COL Nadine Ross

COL Nadine Ross

Academy Professor

Chief of Faculty Development and Talent Management


LTC Nadine Ross is an Academy Professor in the Department of History at the United States Military Academy at West Point. She currently serves as the Department’s Chief of Faculty Development and Talent Management. LTC Ross is committed to inspiring cadets and junior faculty to develop and execute their own versions of professional success within the Army. To do this, she believes it is vital to be genuine and live authentically. She is passionate about creating spaces where colleagues and students are free to–and can–live in what is possible and be themselves in their work and in the classroom. In her work, she is known for figuring out internal systems to get things done and acting purposefully to ensure lasting success. It is through these core values that LTC Ross endeavors to invest in cadets and junior faculty, helping them unlock their potential and achieve excellence.

LTC Nadine Ross graduated from the United States Military Academy at West Point in 2001. After commissioning into the Adjutant General Corps, she served as a Battalion S1, Postal Platoon Leader, and Detachment Executive Officer in Ansbach, Germany. From 2005 until 2007, LTC Ross commanded the 151ST Adjutant General Company (Postal) at Fort Hood (known as Fort Cavazos since 2023). Following company command, she entered graduate school at The University of Texas at Austin, earned an M.A. in History, and returned to West Point to teach in the Department of History (2009 – 2012). During the subsequent 2.5 years, LTC Ross served as the Brigade S1 for the 2ND Armored Brigade Combat Team, 3RD Infantry Division at Fort Stewart. After completing her Ph.D. in History at the University of Texas at Austin in 2017, LTC Ross deployed to Afghanistan where she served as a Senior Advisor to the Afghan Office of the National Security Council. She returned to the History Department in 2018 as an Academy Professor and served as Chief of the International Division from 2018 until 2022.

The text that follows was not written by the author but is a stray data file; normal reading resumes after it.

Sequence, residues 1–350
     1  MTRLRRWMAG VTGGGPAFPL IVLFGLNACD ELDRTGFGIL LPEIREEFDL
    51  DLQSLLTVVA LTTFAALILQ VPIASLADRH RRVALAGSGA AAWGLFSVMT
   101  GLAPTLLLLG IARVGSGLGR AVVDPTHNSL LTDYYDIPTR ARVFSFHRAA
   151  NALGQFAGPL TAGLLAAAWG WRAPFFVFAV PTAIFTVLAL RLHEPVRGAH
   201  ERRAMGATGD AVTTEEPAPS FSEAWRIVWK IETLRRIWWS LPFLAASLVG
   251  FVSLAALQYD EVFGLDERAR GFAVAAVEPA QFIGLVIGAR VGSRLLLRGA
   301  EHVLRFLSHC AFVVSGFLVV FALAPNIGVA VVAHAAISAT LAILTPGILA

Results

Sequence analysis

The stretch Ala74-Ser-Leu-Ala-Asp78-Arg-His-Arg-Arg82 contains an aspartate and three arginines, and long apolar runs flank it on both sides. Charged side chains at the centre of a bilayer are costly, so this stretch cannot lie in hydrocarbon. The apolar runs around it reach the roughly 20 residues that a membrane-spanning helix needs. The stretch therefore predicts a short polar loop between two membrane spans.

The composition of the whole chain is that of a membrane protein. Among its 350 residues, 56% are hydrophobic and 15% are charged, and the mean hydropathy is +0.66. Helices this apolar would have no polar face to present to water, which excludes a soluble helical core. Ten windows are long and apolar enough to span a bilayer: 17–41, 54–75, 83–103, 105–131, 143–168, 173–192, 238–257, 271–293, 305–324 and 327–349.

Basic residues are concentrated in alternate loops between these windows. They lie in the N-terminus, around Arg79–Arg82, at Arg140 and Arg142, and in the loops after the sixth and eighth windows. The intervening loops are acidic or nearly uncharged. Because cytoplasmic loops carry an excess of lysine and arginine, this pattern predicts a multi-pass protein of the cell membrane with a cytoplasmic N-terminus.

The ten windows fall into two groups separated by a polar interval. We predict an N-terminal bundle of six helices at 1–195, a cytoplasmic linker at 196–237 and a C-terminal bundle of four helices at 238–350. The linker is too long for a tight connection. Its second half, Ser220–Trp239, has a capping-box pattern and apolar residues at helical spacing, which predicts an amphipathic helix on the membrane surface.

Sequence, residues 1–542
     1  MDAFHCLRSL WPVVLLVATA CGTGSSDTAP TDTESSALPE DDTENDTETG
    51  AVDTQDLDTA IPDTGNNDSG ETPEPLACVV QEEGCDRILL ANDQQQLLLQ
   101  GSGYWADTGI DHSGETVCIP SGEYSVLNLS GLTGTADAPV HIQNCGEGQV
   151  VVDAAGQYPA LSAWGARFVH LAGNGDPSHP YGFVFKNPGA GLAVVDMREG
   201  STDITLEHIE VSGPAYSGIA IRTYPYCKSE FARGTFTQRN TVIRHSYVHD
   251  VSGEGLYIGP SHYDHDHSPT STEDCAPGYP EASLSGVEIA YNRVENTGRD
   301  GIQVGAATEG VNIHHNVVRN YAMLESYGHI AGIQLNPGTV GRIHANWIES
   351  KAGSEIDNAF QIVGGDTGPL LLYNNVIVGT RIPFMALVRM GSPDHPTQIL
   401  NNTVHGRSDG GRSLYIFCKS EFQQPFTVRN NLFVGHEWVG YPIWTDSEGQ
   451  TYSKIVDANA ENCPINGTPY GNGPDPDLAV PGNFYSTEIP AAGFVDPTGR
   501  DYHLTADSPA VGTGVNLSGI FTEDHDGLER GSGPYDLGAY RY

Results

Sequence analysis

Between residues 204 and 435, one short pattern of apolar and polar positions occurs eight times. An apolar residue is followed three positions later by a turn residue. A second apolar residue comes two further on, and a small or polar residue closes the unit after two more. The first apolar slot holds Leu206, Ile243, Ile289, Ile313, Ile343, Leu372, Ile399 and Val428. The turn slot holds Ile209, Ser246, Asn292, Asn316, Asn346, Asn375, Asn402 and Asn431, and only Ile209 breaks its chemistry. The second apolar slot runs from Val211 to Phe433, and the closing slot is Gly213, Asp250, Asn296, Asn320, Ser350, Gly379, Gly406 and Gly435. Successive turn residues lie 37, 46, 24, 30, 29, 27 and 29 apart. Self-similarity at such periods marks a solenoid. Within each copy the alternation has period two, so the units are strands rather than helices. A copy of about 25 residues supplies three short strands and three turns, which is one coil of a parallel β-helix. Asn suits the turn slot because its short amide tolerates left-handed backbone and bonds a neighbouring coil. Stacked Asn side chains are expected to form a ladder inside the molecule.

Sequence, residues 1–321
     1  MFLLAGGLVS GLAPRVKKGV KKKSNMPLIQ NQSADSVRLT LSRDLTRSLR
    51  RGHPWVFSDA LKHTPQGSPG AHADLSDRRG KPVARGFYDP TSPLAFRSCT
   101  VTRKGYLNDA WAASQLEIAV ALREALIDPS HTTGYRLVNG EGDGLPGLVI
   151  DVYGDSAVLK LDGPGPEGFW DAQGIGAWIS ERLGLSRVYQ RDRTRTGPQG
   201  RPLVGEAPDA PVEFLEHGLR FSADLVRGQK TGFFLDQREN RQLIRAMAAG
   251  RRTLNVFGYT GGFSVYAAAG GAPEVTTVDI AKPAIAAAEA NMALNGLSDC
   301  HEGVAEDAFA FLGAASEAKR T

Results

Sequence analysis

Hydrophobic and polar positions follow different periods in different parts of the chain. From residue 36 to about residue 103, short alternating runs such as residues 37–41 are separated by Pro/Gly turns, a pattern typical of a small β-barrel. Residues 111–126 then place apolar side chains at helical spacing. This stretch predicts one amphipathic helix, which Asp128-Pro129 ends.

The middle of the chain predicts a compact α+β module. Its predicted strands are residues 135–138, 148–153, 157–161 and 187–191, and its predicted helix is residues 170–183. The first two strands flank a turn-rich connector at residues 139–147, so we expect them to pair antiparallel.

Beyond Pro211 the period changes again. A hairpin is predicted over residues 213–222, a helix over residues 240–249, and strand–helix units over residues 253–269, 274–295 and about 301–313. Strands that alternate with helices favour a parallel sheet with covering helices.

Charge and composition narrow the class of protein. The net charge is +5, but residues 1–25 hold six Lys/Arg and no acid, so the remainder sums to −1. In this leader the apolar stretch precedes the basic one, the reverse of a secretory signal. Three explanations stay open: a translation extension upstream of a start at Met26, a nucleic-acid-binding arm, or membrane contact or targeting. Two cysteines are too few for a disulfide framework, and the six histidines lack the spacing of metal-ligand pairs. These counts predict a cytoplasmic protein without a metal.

Ongoing Research Projects

“Imagining the Volk: Race, Citizenship and Community in Germany, 1933 – 1974”

“Jewish Mischlinge, Afro-Germans and the Fight for Reich Citizenship during World War II”

“‘Circus Child’: Performance and Survival during the Third Reich”

“The Cost of Belonging: Pain and Ambivalence in Oral History Testimony”

Publications & Presentations

“Bodies and Spaces: Citizenship as Claims-making in Germany, 1942—1949.” Central European History. (Forthcoming)

Review of The Escape Line: How the Ordinary Heroes of Dutch-Paris Resisted the Nazi Occupation of Western Europe, by Megan Koreman, Army History no. 117 (Fall 2020): 59-60.

“Seeking their Just Reward: Jewish Mischlinge, Afro-Germans, and the Unlikely Struggle for First-Class Citizenship Rights in Nazi Germany,” 43rd Annual Conference of the German Studies Association, October 2019.

“Imagining the Volk: Race, Citizenship and Community in Germany, 1933 – 1974,” Regional Three Minute Thesis (3MT) Competition, Conference of Southern Graduate Schools, March 2017.

“Friends in High Places: Personality and Politics in Anastasio Somoza Garcia’s Nicaragua,” Latin America in the Cold War Conference, Institute of Historical Studies, University of Texas at Austin, October 2009.